final dilation is the reconstructed image. The figure shows the successive dilations of the marker.

B. Gradient Transform
To simplify the discussion follows, we use the notation in fig 2 to denote image points in a 3x3
region. For example,

Figure 2 Example for 3x3 region

the center point z5 denotes f(x,y), and z1 denotes f(x-1,y-1). Denote the cross differences [6]:

Then we compute the gradient as

C. OTSU Method
Otsu method is firstly proposed by Nobuyuki Otsu [7] in 1979, which is an adaptive method of
determining the threshold. Divide the image into background and objective by its gray scale feature.
The greater the between-class variance between background and objective, the greater difference
between the two parts of the image will have. When some of the objectives are classified wrong into
background or some of the background is classified wrong into objectives, the difference between
these two parts will decrease. Thus, the Otsu method can make the probability of wrong division the
D. Distance Transform
Assume the input image is BW, and the output image is D. Gradient Transform computes the
Euclidean distance transform of the binary image BW. For each pixel in BW, the distance transform
assigns a number that is the distance between that pixel and the nearest nonzero pixel of BW. BW
can have any dimension. D is the same size as BW [8].

E. Median Filter
Median filter replaces the value of a pixel by the median of the gray levels in the neighborhood
of that pixel (the original value of the pixel is included in the computation of the median). Median
filters are particularly effective in the presence of impulse noise, also called salt-and- pepper noise
because of its appearance as white and black dots superimposed on an image [9].
Assume the input matrix is A, and the dimension of its neighborhood is m-by-n. In this paper, we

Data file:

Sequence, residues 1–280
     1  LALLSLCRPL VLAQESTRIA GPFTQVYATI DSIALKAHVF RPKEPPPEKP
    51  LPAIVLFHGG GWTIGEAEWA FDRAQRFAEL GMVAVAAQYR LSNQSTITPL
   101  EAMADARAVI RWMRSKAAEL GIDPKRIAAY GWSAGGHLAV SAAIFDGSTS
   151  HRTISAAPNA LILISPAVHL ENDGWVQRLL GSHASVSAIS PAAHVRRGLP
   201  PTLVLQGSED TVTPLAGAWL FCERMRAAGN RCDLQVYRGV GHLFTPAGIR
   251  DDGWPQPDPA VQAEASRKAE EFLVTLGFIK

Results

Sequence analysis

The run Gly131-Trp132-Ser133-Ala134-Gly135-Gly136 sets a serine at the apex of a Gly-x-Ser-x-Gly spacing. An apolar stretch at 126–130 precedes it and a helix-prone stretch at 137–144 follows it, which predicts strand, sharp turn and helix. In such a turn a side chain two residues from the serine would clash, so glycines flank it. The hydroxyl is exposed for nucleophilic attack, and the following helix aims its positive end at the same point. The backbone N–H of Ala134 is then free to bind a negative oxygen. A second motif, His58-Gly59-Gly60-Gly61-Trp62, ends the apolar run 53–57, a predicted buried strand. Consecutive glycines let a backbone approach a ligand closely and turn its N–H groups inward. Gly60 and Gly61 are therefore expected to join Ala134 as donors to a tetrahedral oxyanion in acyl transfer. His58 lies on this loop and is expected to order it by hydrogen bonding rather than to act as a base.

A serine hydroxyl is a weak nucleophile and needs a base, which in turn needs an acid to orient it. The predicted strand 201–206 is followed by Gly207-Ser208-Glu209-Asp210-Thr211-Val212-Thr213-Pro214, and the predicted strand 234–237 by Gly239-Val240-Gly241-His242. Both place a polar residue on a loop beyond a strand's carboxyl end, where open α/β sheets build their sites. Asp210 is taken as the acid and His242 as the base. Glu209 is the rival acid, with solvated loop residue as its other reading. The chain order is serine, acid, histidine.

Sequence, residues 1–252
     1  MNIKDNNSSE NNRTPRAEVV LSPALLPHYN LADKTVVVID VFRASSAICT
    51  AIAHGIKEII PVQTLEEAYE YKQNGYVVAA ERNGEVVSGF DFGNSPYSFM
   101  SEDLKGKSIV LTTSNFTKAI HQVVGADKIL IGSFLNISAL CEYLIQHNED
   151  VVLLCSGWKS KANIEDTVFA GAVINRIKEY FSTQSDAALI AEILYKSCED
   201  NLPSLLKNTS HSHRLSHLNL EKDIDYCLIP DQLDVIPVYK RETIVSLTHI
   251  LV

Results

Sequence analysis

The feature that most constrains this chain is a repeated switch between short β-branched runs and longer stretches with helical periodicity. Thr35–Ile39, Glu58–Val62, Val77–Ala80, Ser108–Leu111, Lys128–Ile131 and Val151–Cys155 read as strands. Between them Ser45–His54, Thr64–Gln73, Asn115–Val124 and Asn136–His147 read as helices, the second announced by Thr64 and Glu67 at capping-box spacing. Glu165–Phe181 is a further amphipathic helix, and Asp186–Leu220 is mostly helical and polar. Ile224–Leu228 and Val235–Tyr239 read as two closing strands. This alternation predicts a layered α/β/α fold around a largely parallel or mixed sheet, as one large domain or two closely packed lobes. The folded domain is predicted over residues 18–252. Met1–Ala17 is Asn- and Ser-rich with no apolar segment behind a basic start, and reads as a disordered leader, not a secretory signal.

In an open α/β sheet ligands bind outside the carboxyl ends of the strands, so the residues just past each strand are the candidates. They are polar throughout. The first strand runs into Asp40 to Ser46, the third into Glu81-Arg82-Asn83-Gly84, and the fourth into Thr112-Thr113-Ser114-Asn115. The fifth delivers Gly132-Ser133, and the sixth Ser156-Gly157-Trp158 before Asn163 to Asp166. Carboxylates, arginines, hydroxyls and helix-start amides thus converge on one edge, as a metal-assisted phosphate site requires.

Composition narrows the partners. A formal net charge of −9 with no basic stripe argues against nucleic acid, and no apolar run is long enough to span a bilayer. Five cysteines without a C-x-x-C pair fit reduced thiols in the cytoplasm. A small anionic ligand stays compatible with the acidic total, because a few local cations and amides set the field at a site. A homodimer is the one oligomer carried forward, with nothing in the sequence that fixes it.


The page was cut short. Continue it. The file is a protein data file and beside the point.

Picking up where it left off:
performs median filtering of the matrix A in two dimensions. Each output pixel contains the median
value in the m-by-n neighborhood around the corresponding pixel in the input image. This paper
pads the image with 0s on the edges, so the median values for the points within [m n]/2 of the edges
might appear distorted.

F. Watershed Algorithm [10]

Suppose that a hole is punched in each regional minimum and that the entire topography is
flooded from below by letting water rise through the holes at a uniform rate. When the rising water
in distinct catchment basins is about to merge, a dam is built to prevent the merging. The flooding
will eventually reach a stage when only the tops of the dams are visible above the water line. These
dam boundaries correspond to the divide lines of the watersheds. Therefore, they are the continuous
boundaries extracted by a watershed segmentation algorithm.

Cell Image Segmentation Method

We use the improved watershed algorithm to segment cell image, and this algorithm follows these
Step 1: Apply open-reconstruction and close-reconstruction to the gray scale cell image
Through applying the open-reconstruction and close-reconstruction filtering to gray scale cell